This week’s roundup covers apartment supply in 2020, commercial real estate’s performance over the decade and recent rent control regulations. First, City Observatory examines the relationship between a neighborhood’s level of walkability and the value of its housing, noting that many markets command a walkability premium. Next, RealPage reports that 371,100 new apartments are scheduled to be completed by the end of 2020, driven by several cities expecting to double or triple their inventory. Arbor’s Chatter blog observes why many of the metros experiencing the greatest year-over-year rent growth are still seeing rent levels below the national average. Then, Real Capital Analytics looks back at the robust level of commercial real estate investment activity over the last decade. Finally, NMHC reviews the rent control policies that took effect in 2019 and what’s anticipated for the year ahead. 

Walkable Places Are Growing in Value Almost Everywhere

City Observatory – January 16

“We haven’t been building new walkable neighborhoods in large enough numbers to meet demand; nor have we been adding housing in the walkable neighborhoods we already have fast enough to house all those who would like to live in them.”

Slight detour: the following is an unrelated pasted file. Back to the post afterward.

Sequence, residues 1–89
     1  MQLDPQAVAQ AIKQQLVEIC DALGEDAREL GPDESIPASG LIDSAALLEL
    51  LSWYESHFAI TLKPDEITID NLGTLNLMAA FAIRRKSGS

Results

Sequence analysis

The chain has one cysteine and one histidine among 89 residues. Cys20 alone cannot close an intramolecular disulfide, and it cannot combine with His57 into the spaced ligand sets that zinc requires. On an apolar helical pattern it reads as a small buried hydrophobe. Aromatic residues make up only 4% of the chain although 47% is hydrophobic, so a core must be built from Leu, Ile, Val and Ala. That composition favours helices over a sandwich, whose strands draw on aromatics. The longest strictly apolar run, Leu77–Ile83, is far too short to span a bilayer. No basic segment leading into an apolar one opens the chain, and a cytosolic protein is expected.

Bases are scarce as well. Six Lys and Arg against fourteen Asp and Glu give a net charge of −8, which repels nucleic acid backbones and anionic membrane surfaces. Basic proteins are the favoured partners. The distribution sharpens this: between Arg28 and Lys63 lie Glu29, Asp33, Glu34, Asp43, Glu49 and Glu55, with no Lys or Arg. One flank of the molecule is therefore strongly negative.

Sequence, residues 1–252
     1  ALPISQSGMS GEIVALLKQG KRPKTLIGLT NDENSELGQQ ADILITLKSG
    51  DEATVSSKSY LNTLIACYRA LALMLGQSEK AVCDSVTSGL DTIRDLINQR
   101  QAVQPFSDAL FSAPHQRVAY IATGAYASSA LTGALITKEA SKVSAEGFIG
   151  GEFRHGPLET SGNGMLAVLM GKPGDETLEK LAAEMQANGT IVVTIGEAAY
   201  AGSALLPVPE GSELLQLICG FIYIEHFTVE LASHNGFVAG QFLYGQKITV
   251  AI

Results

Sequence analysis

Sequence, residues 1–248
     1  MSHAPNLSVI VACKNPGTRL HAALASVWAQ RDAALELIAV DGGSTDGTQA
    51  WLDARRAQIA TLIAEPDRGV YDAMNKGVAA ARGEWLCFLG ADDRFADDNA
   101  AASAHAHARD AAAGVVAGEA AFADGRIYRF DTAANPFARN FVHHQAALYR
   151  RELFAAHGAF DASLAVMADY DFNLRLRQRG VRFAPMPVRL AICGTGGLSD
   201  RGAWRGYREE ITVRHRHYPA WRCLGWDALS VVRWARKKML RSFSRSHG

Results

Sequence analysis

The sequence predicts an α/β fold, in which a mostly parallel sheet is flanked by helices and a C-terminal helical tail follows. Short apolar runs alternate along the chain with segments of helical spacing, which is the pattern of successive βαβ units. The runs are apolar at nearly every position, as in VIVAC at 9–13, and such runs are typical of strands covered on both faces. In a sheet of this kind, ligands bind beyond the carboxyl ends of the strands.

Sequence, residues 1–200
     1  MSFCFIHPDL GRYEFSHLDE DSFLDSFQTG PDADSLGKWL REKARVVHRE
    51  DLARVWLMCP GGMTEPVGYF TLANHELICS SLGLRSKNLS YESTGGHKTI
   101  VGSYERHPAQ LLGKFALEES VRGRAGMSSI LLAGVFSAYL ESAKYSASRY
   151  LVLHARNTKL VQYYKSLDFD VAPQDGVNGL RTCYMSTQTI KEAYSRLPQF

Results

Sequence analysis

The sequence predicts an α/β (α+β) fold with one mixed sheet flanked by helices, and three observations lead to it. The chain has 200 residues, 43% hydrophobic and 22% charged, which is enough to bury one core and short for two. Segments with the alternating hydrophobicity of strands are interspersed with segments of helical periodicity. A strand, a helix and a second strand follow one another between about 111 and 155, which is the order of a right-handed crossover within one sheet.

New Apartment Supply to Surge in 2020

RealPage – January 15

“This run-up in supply will grow the total number of new apartments completed in this decade-old cycle by 17%, which represents a 50% increase from 2019’s new supply total.”

Small Multifamily, Small Cities Are Riding the Same Rising Tide

Arbor Chatter – January 14

“Small multifamily rents have been growing faster in metro areas with rent levels below the national average. This phenomenon has, by and large, also been true for the large multifamily asset class.”

A Fantastic Decade for US Commercial Real Estate

Real Capital Analytics – January 16

“The headline national RCA CPPI climbed a cumulative 103% from the close of the previous decade and investor interest in the sector continues at a high level.”

Rent Control: A 2019 Recap and a 2020 Look Forward

NMHC – January 15

“Housing affordability is clearly top-of-mind for many lawmakers, but the fact remains that too many view rent control as a source of immediate relief while they work out longer term solutions that address the supply shortage.”